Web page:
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IN RE: ESTATE OF Gregory G. PRICE. (2006)

Supreme Court of Vermont.


No. 05-173.

Decided: July 07, 2006

Present:  REIBER, C.J., JOHNSON, SKOGLUND and BURGESS, JJ., and ALLEN, C.J. (Ret.), Specially Assigned.


¶ 1. Plaintiff Susan Teaford appeals from the superior court's order granting summary judgment in favor of defendant Lucille Price, thereby allowing defendant to retain $50,000 she received as beneficiary of a life insurance policy of decedent Gregory Price.1  The order on appeal reversed the decision of the probate court, which had allowed plaintiff's claim to the full amount of the insurance proceeds.   We agree with the result reached by the probate court and reverse the decision of the superior court.

¶ 2. Plaintiff married decedent in 1976.   They had two children:  Andrew, born on September 5, 1980, and Emily, born on February 14, 1985.   Emily has a developmental disability and cannot live independently.   Plaintiff is her guardian.

¶ 3. Plaintiff and decedent were divorced in Virginia in 1988.   Paragraph 8(d) of the separation agreement governing the divorce required that:

The Husband shall maintain a policy of life insurance insuring him and shall name the children of the parties as beneficiary and shall keep such policy in full force and effect until his obligation herein to support the children of the parties shall cease.   The amount of said insurance shall be no less than One Hundred Thousand Dollars.

This provision was added in its final form through an addendum which also modified decedent's child support obligation as follows:

The Husband agrees to pay to the Wife for the support, maintenance, and education of each of the children ․ the sum of Two Hundred Fifty Dollars ($250.00), per month, ․ commencing with April 1, 1988 and continuing until each of said children attains the age of eighteen (18) years, or sooner becomes fully employed, married, or otherwise becomes fully emancipated.

¶ 4. In 1991, decedent married defendant, and the couple moved to Vermont.   After Andrew reached majority in 1998, decedent changed the beneficiary designation of the life insurance policy, making plaintiff (as Emily's guardian) and defendant co-beneficiaries.   Decedent did not attempt to modify the separation agreement between him and plaintiff, nor did he seek court approval of the new beneficiary designation.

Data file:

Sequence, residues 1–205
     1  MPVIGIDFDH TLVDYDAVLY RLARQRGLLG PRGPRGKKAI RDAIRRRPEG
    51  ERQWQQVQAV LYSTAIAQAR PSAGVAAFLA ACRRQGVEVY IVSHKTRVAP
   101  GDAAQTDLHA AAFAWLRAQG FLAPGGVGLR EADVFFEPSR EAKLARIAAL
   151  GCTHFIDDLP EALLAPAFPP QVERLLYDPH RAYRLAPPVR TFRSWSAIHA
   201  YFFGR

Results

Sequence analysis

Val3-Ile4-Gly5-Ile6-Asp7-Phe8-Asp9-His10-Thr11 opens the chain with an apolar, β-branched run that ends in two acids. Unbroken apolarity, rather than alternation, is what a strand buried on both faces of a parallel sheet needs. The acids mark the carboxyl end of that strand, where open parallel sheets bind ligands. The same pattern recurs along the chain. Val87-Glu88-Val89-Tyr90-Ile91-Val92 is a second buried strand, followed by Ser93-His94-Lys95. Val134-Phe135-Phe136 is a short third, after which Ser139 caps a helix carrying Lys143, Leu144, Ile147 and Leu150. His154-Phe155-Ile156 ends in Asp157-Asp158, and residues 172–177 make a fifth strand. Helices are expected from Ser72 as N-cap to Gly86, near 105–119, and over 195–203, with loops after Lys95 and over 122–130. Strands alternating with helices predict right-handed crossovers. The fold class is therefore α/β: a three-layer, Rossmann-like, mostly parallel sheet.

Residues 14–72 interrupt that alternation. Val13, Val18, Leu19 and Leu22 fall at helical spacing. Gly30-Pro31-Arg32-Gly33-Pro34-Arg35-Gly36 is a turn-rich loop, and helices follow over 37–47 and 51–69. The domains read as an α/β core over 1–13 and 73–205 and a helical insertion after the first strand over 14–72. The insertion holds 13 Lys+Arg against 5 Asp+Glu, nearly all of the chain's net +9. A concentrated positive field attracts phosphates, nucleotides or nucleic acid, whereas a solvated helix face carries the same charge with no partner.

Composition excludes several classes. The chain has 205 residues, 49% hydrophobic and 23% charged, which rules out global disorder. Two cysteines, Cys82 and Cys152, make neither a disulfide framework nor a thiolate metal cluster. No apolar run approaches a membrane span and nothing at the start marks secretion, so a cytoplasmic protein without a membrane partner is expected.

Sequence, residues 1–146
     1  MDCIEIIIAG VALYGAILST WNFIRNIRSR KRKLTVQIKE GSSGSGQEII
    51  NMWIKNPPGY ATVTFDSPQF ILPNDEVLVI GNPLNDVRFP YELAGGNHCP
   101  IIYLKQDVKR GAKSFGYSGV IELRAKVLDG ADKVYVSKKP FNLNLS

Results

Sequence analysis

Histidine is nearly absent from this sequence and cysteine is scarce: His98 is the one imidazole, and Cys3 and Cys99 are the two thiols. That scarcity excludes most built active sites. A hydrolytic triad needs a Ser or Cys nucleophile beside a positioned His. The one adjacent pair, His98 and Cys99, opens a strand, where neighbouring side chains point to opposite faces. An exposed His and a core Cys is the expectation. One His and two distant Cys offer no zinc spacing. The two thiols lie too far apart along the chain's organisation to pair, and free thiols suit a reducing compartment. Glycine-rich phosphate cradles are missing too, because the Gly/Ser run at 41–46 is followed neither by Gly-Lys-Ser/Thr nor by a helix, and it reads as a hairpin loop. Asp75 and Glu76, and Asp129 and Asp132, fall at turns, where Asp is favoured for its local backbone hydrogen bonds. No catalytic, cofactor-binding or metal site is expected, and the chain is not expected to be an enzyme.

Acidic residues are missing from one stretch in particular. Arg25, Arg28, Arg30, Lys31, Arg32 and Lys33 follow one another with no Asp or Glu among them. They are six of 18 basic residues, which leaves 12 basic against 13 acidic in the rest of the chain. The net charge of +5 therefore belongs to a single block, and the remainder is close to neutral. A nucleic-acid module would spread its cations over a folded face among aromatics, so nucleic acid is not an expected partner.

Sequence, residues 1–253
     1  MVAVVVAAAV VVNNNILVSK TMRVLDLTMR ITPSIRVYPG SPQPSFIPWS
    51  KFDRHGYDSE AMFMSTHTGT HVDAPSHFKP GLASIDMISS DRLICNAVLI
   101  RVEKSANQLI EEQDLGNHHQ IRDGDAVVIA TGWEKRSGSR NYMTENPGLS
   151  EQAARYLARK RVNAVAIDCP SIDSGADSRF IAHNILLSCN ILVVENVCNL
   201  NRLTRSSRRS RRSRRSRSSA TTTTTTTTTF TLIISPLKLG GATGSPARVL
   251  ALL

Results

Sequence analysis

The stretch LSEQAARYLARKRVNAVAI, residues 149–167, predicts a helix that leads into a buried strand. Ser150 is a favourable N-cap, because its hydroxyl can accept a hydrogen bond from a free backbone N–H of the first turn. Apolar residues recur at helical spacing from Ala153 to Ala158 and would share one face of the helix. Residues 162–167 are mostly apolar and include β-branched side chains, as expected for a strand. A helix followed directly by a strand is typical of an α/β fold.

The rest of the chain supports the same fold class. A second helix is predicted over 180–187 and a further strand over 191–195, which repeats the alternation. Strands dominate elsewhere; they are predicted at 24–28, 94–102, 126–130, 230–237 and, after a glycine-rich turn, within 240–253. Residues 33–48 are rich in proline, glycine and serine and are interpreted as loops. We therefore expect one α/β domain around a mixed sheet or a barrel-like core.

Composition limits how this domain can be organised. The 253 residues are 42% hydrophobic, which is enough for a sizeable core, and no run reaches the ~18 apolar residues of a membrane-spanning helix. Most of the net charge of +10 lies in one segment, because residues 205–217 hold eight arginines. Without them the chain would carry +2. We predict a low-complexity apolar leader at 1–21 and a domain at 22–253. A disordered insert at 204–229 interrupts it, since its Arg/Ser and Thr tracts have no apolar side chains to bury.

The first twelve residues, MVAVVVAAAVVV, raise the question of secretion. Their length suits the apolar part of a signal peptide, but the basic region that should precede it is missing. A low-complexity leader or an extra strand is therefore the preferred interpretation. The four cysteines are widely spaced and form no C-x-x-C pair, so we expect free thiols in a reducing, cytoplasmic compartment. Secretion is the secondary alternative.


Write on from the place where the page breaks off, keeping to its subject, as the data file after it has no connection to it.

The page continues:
¶ 5. On January 21, 2003, decedent and defendant divorced.   Decedent died on February 5, 2003, during the nisi period.   Emily had not yet attained majority at the time of decedent's death.

¶ 6. Defendant was appointed executrix of decedent's estate.   After the insurance proceeds were paid as per the changed beneficiary designation-$50,000 to plaintiff as Emily's guardian and $50,000 to defendant-plaintiff presented a timely claim to the estate on Emily's behalf for the $50,000 paid to defendant.   Defendant, as executrix, disallowed the claim, and plaintiff appealed to the probate court.   The probate court allowed the claim, directing defendant to pay plaintiff $50,000.   The court held that the separation agreement between decedent and plaintiff provided for neither division of the policy proceeds nor a unilateral change of beneficiaries.   It interpreted the agreement as requiring decedent to maintain the beneficiary designations called for in the agreement until his support obligation as to both children expired, or until decedent obtained a court order allowing a change.

¶ 7. Defendant appealed the probate court's ruling to the superior court.   Both parties moved for summary judgment.   The superior court reversed the probate court ruling and granted summary judgment for defendant, allowing her to keep the $50,000 she had received as a beneficiary of the life insurance policy.   Noting that the separation agreement's requirement to maintain the life insurance policy had a termination date-namely, the endpoint of decedent's obligation to support the children-the court concluded that “the parties did not intend to make this benefit a property settlement but rather intended it as a means to protect the children's support.”   The court went on to opine that when Andrew reached majority “any right he might have had to the life insurance money ended.”   At that point, the court held, decedent was free to name another beneficiary.